SütlaçTurkish Baked Rice Pudding With Honey & Rose

An Ottoman kitchen inspired oven finished rice pudding with rose water and gentle spice infusion sweetened with honey. 

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Vezir ParmağıAlmond & Orange Flavoured Sweet Bites

A flour-based, semolina crusted, baked sweet with almond and orange notes. Said to be named after the Ottoman grand vizier who saved a sultans life by accidentally wounding him. 

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GüllaçMilky Rosewater Pudding

A traditional Ramadan dessert of starch wafers soaked in sweetened milk with rose water and cardamon. A much-loved dish prominent in the holy month of fasting. 

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Exploring The Turkish Kitchen Blog

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There is a saying in Turkish – O kadar lezettli parmaklarımı yedim!

It means it was so delicious – I ate my fingers!

Well, yesterday I ate my fingers and another lady's too - Ghillie Başan's fingers to be precise!

When you pick up enough Turkish for cookbooks it's inevitable that you'll start to use them more than English language ones. Especially if you live in Turkey because there is a limited amount of English language cookbooks available and those that are often come with a hefty price tag. So I've been trying to make a conscious effort for the blog to go back to some of the English language books I started off with.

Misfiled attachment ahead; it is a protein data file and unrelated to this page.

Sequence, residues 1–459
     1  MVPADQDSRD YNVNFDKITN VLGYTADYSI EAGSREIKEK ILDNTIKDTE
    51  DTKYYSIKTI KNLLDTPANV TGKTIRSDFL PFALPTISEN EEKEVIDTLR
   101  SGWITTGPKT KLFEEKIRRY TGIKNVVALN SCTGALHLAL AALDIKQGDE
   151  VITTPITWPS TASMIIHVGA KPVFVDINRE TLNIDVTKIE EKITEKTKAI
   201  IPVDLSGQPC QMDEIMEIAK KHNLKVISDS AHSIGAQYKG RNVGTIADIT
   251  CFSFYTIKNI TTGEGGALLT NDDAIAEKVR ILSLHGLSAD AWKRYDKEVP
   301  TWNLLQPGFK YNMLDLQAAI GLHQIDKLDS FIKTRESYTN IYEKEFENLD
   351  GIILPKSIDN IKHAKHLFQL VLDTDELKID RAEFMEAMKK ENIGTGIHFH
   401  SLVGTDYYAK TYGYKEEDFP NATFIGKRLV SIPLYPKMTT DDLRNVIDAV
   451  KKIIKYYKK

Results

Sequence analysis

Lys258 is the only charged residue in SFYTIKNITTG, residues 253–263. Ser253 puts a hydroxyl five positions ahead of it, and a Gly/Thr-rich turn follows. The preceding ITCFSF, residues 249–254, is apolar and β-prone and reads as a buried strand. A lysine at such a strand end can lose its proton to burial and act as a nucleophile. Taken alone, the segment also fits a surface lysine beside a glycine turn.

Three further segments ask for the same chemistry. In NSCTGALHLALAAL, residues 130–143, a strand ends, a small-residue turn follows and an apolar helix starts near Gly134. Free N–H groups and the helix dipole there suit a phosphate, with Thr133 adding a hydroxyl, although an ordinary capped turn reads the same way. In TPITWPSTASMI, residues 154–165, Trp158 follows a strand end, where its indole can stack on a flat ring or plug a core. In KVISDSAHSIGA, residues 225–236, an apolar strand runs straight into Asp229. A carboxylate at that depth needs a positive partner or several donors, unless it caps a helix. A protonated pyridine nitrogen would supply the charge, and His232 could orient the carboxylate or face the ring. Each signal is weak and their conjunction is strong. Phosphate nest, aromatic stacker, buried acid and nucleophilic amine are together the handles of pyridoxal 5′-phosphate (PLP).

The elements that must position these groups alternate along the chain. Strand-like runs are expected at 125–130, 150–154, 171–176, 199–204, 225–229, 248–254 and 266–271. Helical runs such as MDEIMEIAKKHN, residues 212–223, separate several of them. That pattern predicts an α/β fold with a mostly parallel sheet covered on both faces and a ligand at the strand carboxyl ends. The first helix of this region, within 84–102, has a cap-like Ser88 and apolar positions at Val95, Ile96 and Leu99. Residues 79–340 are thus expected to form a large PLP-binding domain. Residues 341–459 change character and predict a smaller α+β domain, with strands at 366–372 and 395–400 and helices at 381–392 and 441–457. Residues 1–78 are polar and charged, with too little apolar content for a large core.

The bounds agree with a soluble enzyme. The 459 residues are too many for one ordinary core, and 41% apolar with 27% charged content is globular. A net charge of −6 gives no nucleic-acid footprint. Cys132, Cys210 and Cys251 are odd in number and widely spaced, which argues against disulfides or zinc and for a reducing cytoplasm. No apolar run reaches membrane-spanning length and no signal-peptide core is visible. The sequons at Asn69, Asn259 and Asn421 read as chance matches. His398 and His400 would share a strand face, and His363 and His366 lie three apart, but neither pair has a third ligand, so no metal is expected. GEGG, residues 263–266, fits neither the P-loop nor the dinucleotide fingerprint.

The first I ever bought was ‘The Turkish Kitchen' by Ghillie Başan. I love perusing recipes over a coffee (although it more like a speedy flick through a few pages nowadays with a 15-month-old) and I really enjoyed going through this one again.

Part way through I realized when I first got it (7-8 maybe 9 years ago?) I had no idea what okra or ladies fingers were. (In fact, I can probably state that for a lot of the fresh produce I now cook here in Turkey!)

So with super fresh okra in the fridge, it made sense to give her Sweet and sour recipe ago. In my first batch, a took heed of the advice to make sure you don't over-cook them a little too much and actually undercooked most of them! But last night they were a treat and so easy to do. After soaking the okra in the lemon juice for a while you then fry them and coat them in the sugar.

If you've never had okra before, or you've been put off them because you've been told they're slimy (I was for a long time) then this is the perfect dish for you to start with – the lemon juice prevents any chance of that. Plus they are just so tasty and super easy too.

I'm not sure about the origins of the dish – it doesn't scream Turkish to me but at the same time it makes a wonderful meze or side dish as we had it last night… Well, I say we but my husband is not an okra fan but that worked out even better – all the more for finger eating for me!


Recipe For Sweet & Sour Ladies Fingers / Okra 


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